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How to Make International Learning Opportunities More Accessible to Non-Traditional Learners

The EvoLLLution | How to Make International Learning Opportunities More Accessible to Non-Traditional Learners
Leveraging the possibilities created by technology, and a little creativity, institutional leaders can go a long way in creating accessibility to valuable international learning opportunities for non-traditional students.

NASA recently released a photo taken last December from its Kepler space telescope. In case you missed it, Kepler is currently cruising through space in search of alien worlds and this particular image captures the blinding reflection of light bouncing off the Earth. It is not as humbling as the famous “pale blue dot” photo taken by the Cassini spacecraft, but it certainly has an effect.

What strikes me about both of these photos is the impact of a fresh perspective. I look out of my window and see a huge world. My own travels across multiple continents validate this perspective. Yet, when I look at the NASA photos, I realize that we live on a small speck of dust in the middle of nowhere. The fact that I left my coffee thermos at home today no longer seems important.

The Value of International Perspectives

Like the NASA images, international learning experiences also offer fresh perspectives to those who experience them. They allow students to understand their academic disciplines, the human experience and the grand challenges facing our planet in ways one could never imagine otherwise. The outcomes of these experiences correlate with the soft skills required by employers and multiple studies confirm that students who participate in education abroad tend to outperform their peers in terms of grades, retention and graduation rates.[1] There is no question that international learning experiences, when properly administered within appropriate frameworks, provide value to individual participants and society.[2]

Who is Studying Abroad?

According to the Institute of International Education’s 2017 Open Doors report, 91.2 percent of students who participated in study abroad programs during the 2015/16 academic year reported having no disability, 87.7 percent were undergraduates, 71.6 percent identified as white, 66.5 percent identified as female, 54.4 percent studied abroad in Europe and 25 percent were majoring in STEM fields.

These statistics are important because they provide a profile of the traditional beneficiaries of study abroad, which is the traditional vehicle of structured international learning. They also give us an idea of where we fall short in terms of access and outreach.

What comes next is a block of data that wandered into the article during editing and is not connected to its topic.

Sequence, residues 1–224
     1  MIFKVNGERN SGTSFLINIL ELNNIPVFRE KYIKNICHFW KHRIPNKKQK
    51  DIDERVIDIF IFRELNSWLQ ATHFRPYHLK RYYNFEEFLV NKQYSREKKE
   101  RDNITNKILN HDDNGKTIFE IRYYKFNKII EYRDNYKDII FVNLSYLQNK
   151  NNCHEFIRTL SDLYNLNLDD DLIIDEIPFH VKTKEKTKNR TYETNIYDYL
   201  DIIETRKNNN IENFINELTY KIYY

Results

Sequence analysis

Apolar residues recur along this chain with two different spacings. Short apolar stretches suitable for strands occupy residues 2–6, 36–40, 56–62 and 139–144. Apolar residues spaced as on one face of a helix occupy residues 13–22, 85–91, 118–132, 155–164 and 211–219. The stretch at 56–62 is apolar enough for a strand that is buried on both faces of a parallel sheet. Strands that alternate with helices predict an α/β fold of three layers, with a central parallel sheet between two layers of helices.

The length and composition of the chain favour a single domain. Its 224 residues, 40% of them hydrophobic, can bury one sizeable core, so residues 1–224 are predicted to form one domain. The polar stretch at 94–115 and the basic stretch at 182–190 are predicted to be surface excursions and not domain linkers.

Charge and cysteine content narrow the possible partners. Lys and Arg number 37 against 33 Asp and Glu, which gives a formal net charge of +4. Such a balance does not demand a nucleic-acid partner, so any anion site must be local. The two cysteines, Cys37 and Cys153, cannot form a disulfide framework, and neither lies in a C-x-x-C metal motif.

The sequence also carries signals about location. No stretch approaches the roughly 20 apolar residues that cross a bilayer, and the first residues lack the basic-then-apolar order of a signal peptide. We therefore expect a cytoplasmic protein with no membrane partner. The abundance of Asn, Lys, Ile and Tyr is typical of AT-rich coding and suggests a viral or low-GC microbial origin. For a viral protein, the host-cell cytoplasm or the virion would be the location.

It is important to recognize that there is a national focus on increasing the number and diversity of students going abroad. Major initiatives include Generation Study Abroad and 100k Strong in the Americas, which both offer funding to increase academic mobility. Yet, in spite of these and other efforts, the fact remains that at most institutions the majority of students will never study abroad.

Therein lies the challenge for educators. Traditional study abroad programs tend to serve specific populations, yet the value of international perspectives serves all. How can educators provide 100 percent of students with access to international learning opportunities knowing that only a fraction will ever actually study abroad? The full answer to this question falls beyond the scope of this article, but below are three important considerations with the non-traditional student in mind.[3, 4] It is my hope that these will serve to help frame the conversation around ways to diversify participation in traditional programs and increase capacity through non-traditional programs.


Similar to the images captured by Kepler and Cassini, international imagery can be both powerful and compelling. Flags of various nations hanging in the student union, clocks in computer labs displaying world time zones and stories on the homepage highlighting international research collaborations can all serve to give the campus an international feel. This in turn influences the campus culture and supports, both directly and indirectly, thinking about international engagement.